task scheduling

TBB initialization, termination, and resource management details, juicy and gory.

Well, maybe more essential than juicy, and rather treacherous than gory. As I noted in my previous blog introducing a major task scheduler extension – support for task and task group priorities, TBB has been steadily evolving ever since its inception.

TBB 3.0 and processor affinity

A week ago I started telling about a couple of new helpful features in the TBB 3.0 Update 4 task scheduler, and we talked about the support for processor groups – an extension of Win32 API available in 64-bit edition of Windows 7. The main purpose of processor groups is to extend Win32 capabilities to allow applications work with more than 64 logical CPUs.

TBB 3.0, high end many-cores, and Windows processor groups

Though I wrote my previous TBB task scheduler blog just a few days after TBB 3.0 Update 4 had been released, I ignored that remarkable event, and instead delved into more than two year old past. So today I’m going to redeem that slight, and talk about a couple of small but quite useful improvements in the TBB scheduler behavior made in the aforementioned update.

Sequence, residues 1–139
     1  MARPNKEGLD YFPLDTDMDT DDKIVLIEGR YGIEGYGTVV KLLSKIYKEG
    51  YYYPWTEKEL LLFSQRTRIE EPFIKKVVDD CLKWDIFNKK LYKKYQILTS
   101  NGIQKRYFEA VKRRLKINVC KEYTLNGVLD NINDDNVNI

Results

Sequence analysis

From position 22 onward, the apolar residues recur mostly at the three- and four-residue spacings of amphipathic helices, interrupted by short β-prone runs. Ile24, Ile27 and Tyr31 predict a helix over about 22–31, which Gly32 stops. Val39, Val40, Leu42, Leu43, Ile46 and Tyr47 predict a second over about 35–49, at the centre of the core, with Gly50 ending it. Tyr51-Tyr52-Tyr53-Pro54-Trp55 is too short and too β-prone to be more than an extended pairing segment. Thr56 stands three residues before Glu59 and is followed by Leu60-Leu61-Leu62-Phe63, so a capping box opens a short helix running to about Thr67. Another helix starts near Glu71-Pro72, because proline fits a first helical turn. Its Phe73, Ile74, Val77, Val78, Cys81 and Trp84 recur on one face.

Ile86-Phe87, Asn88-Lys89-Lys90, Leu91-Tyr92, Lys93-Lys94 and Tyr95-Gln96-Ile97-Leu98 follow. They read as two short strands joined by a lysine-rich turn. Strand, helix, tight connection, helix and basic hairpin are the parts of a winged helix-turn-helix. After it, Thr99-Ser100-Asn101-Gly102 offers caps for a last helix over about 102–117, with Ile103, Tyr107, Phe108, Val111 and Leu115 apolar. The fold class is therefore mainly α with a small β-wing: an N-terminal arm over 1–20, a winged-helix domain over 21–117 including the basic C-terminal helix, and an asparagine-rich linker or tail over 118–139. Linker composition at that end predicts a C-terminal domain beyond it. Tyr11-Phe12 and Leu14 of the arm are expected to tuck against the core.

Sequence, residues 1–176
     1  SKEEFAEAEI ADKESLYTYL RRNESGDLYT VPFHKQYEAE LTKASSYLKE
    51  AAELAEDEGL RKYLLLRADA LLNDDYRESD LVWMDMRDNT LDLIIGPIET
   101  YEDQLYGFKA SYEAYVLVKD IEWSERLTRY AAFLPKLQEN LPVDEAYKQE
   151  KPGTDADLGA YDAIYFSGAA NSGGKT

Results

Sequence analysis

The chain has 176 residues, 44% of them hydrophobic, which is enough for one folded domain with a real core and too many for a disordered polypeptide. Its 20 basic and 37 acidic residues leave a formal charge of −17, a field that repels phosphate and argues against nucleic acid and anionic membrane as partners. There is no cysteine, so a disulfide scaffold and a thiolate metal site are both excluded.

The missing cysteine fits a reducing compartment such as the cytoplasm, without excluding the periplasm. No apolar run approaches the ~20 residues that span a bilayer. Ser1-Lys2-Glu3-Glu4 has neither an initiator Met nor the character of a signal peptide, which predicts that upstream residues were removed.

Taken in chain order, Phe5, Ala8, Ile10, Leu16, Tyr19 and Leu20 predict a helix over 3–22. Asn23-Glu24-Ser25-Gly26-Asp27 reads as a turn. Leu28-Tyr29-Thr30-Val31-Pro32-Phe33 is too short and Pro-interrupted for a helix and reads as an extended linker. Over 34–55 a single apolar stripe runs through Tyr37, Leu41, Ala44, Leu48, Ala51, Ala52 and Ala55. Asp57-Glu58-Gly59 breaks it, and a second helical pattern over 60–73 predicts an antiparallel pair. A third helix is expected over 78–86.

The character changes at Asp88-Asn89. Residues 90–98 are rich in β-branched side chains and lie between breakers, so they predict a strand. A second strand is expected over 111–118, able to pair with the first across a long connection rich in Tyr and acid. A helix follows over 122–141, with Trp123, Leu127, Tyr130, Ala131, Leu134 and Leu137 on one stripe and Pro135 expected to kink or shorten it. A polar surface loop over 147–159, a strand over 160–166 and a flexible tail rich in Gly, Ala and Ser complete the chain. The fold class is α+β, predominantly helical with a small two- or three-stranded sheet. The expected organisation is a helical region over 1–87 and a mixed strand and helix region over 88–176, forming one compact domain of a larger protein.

TBB 3.0 task scheduler improves composability of TBB based solutions. Part 2.

Master threads isolation described in the first part of the blog was not the only change in the TBB 3.0 scheduler ameliorating composability of the code parallelized with TBB. Another tightening in the scheduler guarantees improves a popular usage model described in the TBB Reference Manual as “Letting main thread work while child tasks run”. Here is a short example of what it looks like:

TBB 3.0 task scheduler improves composability of TBB based solutions. Part 1.

This is the first of two blogs where I’m going to describe some of the problems that users of TBB 2.2 and earlier came across, and the changes in task scheduler behavior made in TBB 3.0 release in order to solve them. In this part we’ll talk about issues caused by the lack of master threads isolation from each other inside TBB task scheduler. But first off, let me share with you a little of the background considerations.

Exception Handling and Cancellation in TBB - Part IV – Using context objects

After a good deal of theoretizing about various cancellation scenarios, we’ve finally reached the point where we can touch a bit more material substance (if one can say so about information☺). So let’s see how to use group contexts in practice.

Exception Handling and Cancellation in TBB - Part II – Basic use cases

After the long-winded introduction let’s consider the semantics of task cancellation and exception handling in TBB. The basic usage model of cancellation was shaped in order to cover the following primary use cases:

    1. Cancelling an algorithm when one of its tasks decides that the purpose of the algorithm has been reached. A variety of parallel search algorithms falls in this category for instance.

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